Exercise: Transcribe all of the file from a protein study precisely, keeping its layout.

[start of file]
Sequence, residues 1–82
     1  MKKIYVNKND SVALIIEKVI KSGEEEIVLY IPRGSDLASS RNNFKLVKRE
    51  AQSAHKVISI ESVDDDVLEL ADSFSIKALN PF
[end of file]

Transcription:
Sequence, residues 1–82
     1  MKKIYVNKND SVALIIEKVI KSGEEEIVLY IPRGSDLASS RNNFKLVKRE
    51  AQSAHKVISI ESVDDDVLEL ADSFSIKALN PF